Aug 9, 2012

REVIEW: Fool’s Island | Wharf 2, Sydney

Things have changed since I was a kid. Or teenager. (As you'd hope.) On wet sports afternoons at Marsden High, we were shown Carry On movies. I don't know if this was for t

Darren Gilshenan in Fool's Island | Wharf 2

Things have changed since I was a kid. Or teenager. (As you’d hope.) On wet sports afternoons at Marsden High, we were shown Carry On movies. I don’t know if this was for the students’, or teachers’ benefit. At worst, it was boring. And a lost opportunity to immerse us in truly edifying, memorable, even life-changing cinema. One of the mothers, though, thought it was a virtual obscenity and kicked-up, as I recall, enough of a stink as to see the Carry Ons carried off. For good.

There’s no such compunction in Fool’s Island, presented by the Sydney Theatre Company as part of its education program in conjunction with┬áTamarama Rock Surfers Theatre Company. It’s, at times, sexually and violently ‘explicit’. Certain of my media colleagues have suggested it as a kids’ show. Sure, take the kids, by all means. I don’t believe in censorship, anyway. But you’ll have to spend some time explaining and contextualising, I should think, depending on their age. As challenging ‘junior fiction’, though, it’s right on. And as an all ages gig, it’s even better.

A veritable voice of God, albeit with a better, less cruel and cynical sense of humour, booms out of the darkness, introducing us to a deserted island, on which, it’s rumoured, reside two twins; one good, one not so good. The twins, I understand, have been shipwrecked. Spaceshipwrecked. They hail from an asteroid; in a galaxy far far away, one presumes. (Actually, no, that’s astronomically incorrect. It will have been from the neighbourhood, near the sun.) One’s a real space cadet. A clown. The other, a nasty piece of work, in the way of noir stereotypes. He might as well be called Asteroidal Al, after Capone.

We find the first dragging himself, as if having just emerged from the primordial soup, like a fish, struggling to evolve into a lizard, or big, or something; whatever works, Darwinically-speaking. The evolutionary process has been Kitchen Whizzed, so that the clown soon, if gradually and awkwardly, finds his feet. He is upright, in a veritable paradise. That’s, of course, when all the trouble starts. But not half so as when he moves past blabbering to a semblance of language: first Italian, then French and, finally, taking his cure from the audience, English. And he’s a clever clown ’cause, from the first, he’s quoting, or subverting, Shakespeare. Clever clown indeed: Darren Gilshenan is inestimably, consummately surpassing, in the degree of a Roberto Benigni, Chaplin, Lloyd, or, domestically, a Mo (Roy Rene, not half of the iconic ad duo). His capacity for note-perfect physical comedy is, literally, boundless.

But even the degree of Gilshenan’s brilliance would be as nothing if not for a script that harnesses his talents and, though (entertainingly) meandering, goes somewhere. It goes a long way past the island, back to the biblical garden. The only trouble and strife here is a tree with chalked-on feminine features, so at least the clown’s trouble is all of his own volition. It transpires, of course, the island isn’t populated by twin intragalactic refugees, but only the clown, whose bipolarity comes as a surprise to him, as much as anyone.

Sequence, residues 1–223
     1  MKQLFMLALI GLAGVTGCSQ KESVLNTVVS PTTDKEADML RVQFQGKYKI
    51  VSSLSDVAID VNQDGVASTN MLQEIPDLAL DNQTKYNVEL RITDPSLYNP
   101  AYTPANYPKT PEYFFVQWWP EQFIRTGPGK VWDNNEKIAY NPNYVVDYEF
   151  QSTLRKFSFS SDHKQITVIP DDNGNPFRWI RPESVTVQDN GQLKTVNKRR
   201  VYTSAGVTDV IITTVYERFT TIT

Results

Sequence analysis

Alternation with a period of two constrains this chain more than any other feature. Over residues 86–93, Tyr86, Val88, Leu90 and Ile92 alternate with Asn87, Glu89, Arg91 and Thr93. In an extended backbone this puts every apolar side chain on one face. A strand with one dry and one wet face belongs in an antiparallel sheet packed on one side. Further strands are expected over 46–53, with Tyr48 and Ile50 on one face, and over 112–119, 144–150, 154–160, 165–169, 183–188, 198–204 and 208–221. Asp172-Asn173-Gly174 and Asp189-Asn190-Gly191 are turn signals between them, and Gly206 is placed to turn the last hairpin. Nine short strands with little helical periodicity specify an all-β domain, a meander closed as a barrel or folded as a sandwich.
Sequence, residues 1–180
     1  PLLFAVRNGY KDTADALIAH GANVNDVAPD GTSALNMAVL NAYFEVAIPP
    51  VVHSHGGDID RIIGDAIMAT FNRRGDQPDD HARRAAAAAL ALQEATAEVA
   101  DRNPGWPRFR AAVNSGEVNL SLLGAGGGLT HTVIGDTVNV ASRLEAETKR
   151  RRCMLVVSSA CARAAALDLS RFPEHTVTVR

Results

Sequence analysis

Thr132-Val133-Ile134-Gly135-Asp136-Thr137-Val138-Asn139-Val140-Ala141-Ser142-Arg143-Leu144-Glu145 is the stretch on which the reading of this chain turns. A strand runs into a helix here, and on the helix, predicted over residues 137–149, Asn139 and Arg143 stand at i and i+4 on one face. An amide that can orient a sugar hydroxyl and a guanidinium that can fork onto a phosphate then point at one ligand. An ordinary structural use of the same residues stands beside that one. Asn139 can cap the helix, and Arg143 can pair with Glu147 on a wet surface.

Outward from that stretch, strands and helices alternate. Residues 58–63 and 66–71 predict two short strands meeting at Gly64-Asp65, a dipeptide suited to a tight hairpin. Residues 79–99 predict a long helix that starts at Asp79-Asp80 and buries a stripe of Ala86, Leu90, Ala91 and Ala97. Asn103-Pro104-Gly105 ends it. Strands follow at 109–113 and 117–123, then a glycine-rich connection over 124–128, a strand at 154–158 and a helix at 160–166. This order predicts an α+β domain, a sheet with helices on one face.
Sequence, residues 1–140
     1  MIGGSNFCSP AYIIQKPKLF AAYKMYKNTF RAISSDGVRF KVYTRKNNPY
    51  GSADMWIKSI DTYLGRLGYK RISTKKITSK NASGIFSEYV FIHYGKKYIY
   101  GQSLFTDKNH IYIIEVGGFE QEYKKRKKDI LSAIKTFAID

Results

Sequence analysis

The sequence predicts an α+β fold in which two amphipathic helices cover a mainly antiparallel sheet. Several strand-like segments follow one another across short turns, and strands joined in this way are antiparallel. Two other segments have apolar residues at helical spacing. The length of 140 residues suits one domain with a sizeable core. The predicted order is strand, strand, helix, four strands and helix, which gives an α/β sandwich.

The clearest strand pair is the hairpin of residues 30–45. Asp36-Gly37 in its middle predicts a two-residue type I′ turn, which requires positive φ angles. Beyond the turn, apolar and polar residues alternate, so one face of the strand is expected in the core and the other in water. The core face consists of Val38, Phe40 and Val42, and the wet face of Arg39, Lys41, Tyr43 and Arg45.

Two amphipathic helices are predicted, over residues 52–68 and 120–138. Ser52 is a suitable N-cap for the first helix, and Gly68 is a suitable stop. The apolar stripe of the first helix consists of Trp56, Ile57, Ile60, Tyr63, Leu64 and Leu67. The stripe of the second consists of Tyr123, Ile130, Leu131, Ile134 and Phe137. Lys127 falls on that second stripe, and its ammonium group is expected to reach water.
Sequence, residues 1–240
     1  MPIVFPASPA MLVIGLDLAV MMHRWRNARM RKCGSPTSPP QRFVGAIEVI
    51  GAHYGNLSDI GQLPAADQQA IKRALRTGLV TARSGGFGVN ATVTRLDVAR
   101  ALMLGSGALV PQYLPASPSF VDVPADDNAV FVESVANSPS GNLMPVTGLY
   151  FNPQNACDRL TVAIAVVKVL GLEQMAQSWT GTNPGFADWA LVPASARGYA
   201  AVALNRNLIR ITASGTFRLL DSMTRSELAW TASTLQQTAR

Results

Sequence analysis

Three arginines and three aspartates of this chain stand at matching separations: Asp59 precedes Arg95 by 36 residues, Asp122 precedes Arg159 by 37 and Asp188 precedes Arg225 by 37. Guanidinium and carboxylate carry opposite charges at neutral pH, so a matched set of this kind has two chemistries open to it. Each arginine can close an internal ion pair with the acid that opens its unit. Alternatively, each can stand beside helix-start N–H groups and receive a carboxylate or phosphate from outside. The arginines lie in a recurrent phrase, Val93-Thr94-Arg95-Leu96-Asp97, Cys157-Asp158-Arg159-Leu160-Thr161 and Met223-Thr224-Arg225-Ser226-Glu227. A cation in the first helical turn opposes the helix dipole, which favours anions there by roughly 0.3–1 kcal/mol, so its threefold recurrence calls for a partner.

Jo Turner’s pedantically nuanced direction shines as brightly as Gilshenan’s performance. No opportunity has been missed. Lurking up in the clouds, above and behind the stage, is composer Rose Turtle Ertler, a veritable Foley artist for the night, providing inventive, comical sound effects right on cue. She’s integral to the quality of the performance; in fact, a performer in her own right, completely at one with Gilshenan.

Jasmine Christie’s design is simple, magical, storybook tongue-in-chic. Cardboard waves. A faux mound for an island. A coconut palm. A pet rock. It puts a smile on your face the moment you take your seat. You wouldn’t be Robinson Crusoe in observing its sheer cuteness.

The beauty (or one of the manifold beauties) of Fool’s Island is its generosity to the audience. What do I mean? Well, if you’re a Hillsinger, or other fundamentalist nutter, you can focus on the biblical allusions: the garden; good and evil. If you’re a child, you’ll be amenable, susceptible and, probably, utterly spellbound by a simple story well-told by an engaging, funny man. If the parent of a child, you may be saddened by the loss of innocence it describes; mourning your own and anticipating your child’s. The work also disarms us of any pretensions, since it dares to sit Shakespeare right next to slapstick. ‘Ah, there’s the rub!’ But with no friction; they co-exist as if born on the same day. And, perhaps, if were to take ourselves back to the heady days of the original Globe, we’d realise they were.

It would be more than enough if Gilshenan’s only claim to fame (and he definitely has one, on the strength of this performance alone) was appearing as the fool. But he’s also co-written this work, with Chris Harris. It is admirable on so many levels. First of all, it’s imbued with genuinely childlike imagination. Second of all, it alludes to other arts, like cinema. Third of all, it has the temerity to introduce the farcical to the finery of ye olde Bill. Fourthly, it is conceptually, narratively and theatrically sophisticated, yet utterly accessible.

“Comedy is based on pain and truth. The further you go into the dilemma of a character, the funnier it is for an audience.” Gilshenan has proven himself correct. Fool’s Island has pain, truth and comedy; far from mutually exclusive, they go hand-in-hand.

You’d be foolish indeed to miss Fool’s Island.

The details: Fool’s Island plays the Sydney Theatre Company’s Wharf 2 until August 17. Tickets on the STC website.


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